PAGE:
Our Solar System
Our solar system comprises the sun and eight known planets which orbit around it. The solar system also consists of:
- The Natural satellites accompanying the Planets
- Several thousand minor planets called asteroids
- A Large number of comets
The Bodies revolving around the sun (at the same time rotating on their own axis) are called planets. There are eight known planets:
Mercury: It is the planet closed to the sun. It rotates on its own axis in 58.65 days and takes 88 days to complete one revolution around the sun. Thus, it is also the fastest planet in our solar system.
Venus: It is the brightest object in the sky after the sun and the moon. It is also the hottest planet in our solar system. It rotates backwards (unlike other planets) on its axis.
Earth: The earth is in the third position from the sun and is the fifth largest planet in the solar system.
Mars: It is the fourth planet from the sun and is next after the earth. It is also known as the red planet. Because of its similarities with earth, astronomers have been speculating on the existence of some kind of life on this planet.
Jupiter: It is the largest planet in our solar system. Its diameter is 11 times the diameter of the earth. It has 63 satellites.
Saturn: It is the outermost planet visible to the naked eye and second largest in size after Jupiter. The most spectacular feature of Saturn is its system of rings.
Uranus: It is the seventh planet from the sun and is not visible to the naked eye. It was discovered in 1781 by William Herschel.
Neptune: It is the eighth in position from the sun. It was discovered by J. G. Galle in 1846.
Which is farthest, Neptune or Pluto?
Pluto revolves farther from the sun than any of the planets for most or its orbit. However, because of its orbital eccentricity, Pluto moves closer to sun for approximately 20 years, leaving Neptune at a farther distance. From January 23, 1979 Pluto moved closer to the sun and remained in that position till March 15, 1999. After 1999 it is now Pluto?s turn to go further and Neptune will remain closer to the sun for approximately 228 years.
Satellites are bodies which revolve around the planets. There are approximately 153 satellites in our solar system:
Planet - No. of Satellites
Mercury - 0
Venus - 0
Earth - 1
Mars - 2
Jupiter - 63
Saturn - 47
Uranus - 27
Neptune - 13
Important Data on the Moon
- Distance from earth (centre to centre) -3.84,400 km
- Distance from the earth (surface to surface)-3,76,284 km
- Diameter (Period of option units axis 28 days)-3475 km
- Orbital Speed- 3680 km/s
- Period of rotation on its axis-28 days
The Moon is earth?s natural satellite and is its nearest neighbor in space. It revolves around the earth while rotating on its own axis. The moon is about 1/6th the size of the earth. The moon takes 27 days, 7 hrs, 43 min and 11.47 sacs to complete one revolution of the earth. It rotates on its axis in exactly the same time. Hence, we see only one side of the moon.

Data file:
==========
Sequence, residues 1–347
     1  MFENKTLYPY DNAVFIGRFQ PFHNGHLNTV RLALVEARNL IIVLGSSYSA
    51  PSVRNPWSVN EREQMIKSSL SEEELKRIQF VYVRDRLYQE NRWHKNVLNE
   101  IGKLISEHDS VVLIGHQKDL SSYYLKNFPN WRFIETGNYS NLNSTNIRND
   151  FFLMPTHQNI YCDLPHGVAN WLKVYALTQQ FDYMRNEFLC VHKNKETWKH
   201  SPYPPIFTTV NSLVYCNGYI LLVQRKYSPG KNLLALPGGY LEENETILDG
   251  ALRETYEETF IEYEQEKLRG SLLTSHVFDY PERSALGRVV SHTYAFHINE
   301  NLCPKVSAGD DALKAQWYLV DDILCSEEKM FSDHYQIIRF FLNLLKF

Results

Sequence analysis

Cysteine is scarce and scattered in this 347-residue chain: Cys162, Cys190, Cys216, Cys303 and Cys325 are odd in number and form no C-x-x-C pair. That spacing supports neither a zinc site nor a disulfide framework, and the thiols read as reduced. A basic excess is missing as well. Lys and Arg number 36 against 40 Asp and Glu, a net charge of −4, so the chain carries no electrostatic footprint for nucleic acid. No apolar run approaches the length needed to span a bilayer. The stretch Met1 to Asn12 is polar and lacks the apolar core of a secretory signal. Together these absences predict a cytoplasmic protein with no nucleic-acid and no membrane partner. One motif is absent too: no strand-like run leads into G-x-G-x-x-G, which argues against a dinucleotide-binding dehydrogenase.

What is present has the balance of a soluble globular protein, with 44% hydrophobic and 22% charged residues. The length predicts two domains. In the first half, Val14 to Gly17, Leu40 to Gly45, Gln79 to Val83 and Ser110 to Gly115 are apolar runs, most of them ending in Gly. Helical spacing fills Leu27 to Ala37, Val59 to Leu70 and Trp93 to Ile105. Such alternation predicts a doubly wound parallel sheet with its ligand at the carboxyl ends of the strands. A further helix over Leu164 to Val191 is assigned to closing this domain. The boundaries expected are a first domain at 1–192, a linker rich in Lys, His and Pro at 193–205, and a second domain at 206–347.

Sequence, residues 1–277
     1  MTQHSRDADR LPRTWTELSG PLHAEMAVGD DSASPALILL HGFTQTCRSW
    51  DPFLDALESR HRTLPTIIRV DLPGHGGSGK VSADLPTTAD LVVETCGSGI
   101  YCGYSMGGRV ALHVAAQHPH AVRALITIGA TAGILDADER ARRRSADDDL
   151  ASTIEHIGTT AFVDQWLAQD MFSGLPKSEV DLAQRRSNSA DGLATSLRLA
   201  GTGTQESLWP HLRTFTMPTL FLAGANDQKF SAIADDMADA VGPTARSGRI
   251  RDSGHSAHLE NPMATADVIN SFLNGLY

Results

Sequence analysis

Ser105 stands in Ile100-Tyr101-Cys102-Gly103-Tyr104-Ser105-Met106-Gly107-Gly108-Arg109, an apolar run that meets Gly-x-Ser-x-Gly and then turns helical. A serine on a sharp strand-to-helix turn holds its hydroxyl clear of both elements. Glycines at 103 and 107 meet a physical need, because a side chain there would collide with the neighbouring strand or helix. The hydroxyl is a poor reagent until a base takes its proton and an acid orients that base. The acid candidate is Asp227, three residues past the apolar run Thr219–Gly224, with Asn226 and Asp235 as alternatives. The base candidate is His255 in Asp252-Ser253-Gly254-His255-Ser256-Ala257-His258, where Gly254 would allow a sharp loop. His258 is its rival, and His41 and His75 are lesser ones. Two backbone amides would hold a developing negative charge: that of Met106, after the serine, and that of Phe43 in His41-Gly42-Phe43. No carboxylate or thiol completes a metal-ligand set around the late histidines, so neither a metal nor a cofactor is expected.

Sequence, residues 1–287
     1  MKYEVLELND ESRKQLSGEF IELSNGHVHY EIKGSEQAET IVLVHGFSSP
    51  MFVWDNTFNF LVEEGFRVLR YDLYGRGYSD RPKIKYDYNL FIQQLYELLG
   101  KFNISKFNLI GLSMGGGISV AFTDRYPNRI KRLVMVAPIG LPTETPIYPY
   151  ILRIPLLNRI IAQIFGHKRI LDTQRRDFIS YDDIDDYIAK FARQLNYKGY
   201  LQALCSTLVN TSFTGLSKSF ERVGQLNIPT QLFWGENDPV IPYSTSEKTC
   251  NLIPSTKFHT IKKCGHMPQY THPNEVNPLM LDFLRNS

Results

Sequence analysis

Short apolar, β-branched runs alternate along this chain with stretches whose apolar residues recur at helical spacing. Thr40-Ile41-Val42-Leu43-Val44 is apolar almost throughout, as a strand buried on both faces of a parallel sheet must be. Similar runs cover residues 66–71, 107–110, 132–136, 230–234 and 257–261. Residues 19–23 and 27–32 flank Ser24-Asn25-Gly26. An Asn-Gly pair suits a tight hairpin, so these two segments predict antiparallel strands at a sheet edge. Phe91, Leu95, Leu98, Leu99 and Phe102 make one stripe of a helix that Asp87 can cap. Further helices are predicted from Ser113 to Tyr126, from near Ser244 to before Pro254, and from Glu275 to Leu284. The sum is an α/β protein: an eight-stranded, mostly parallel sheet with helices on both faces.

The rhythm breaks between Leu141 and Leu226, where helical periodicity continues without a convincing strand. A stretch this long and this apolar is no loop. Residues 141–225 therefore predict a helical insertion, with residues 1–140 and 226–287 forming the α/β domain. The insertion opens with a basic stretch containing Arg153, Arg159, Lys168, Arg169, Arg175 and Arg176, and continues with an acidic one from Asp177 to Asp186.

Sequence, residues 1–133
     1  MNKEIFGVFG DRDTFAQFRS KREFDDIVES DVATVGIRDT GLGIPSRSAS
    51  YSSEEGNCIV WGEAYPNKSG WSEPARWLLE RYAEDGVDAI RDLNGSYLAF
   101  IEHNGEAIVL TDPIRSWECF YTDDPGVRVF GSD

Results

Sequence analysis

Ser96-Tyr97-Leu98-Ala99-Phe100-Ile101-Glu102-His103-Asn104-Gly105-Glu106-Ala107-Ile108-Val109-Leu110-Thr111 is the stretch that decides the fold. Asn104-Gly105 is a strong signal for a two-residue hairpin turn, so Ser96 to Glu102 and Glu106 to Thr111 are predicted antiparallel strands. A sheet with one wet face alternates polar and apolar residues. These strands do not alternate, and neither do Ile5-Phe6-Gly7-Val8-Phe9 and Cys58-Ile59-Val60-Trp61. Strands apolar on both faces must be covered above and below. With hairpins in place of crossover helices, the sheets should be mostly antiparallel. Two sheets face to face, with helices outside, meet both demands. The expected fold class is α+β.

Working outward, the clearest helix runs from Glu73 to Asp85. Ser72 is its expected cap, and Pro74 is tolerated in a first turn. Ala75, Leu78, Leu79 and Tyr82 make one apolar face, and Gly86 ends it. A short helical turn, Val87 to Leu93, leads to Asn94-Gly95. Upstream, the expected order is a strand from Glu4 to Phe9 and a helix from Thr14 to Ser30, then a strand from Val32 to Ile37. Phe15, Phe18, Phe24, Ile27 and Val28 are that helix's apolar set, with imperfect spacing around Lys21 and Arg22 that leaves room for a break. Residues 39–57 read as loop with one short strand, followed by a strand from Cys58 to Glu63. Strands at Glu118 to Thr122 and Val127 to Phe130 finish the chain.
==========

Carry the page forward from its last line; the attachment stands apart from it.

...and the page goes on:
The moon is the first member of our solar system to have been visited by man. Neil Armstrong and Edwin Aldrin created history on July 21, 1969 when they first set foot on the moon.
It is believed that asteroids are debris left over from the formation of the inner planets. They are too small to retain any atmosphere of their own. Asteroids are also called ?planetoids? or small planets. They circle around the sun between the orbits of Mars and Jupiter. There are about 50,000 known asteroids in our solar system. The largest is Ceres with a diameter of 1025 km.
Meteors are small bodies often seen in the sky, shooting with great speed from one point to another and producing a trail of light. Meteors may burn up or fall on earth (known as shooting stars) in the form of dust or fragments (called meteorites).
Comets are celestial bodies that move around the sun. A Prominent feature of a comet is its long tail, and hence, its name, which comes from the Greek, word Kometes, Meaning ?hair-like?. Some important comets are; Halley?s D?Arrest, Encke, Borrelly, Pons-winnecke, Finlay, Faye, Smith-tuttle etc.
Helley?s Comet is perhaps the most famous comet, named after the British astronomer, Edmund Halley, who discovered it in 1705. He stated that the comets seen in 1531, 1607 and 1683 were in fact the same body, which circles the sun every 76 years. Halley?s Comet last appeared in 1986 and it may reappear again after 76 years.
Comet ?Smith-Tuttle? is a huge comet heading on a collision course with earth on August 17, 2116. It was first sighted in 1862 and rediscovered in 1992. It could kill off most of life with an explosion more powerful than the explosion of a million nuclear bombs put together.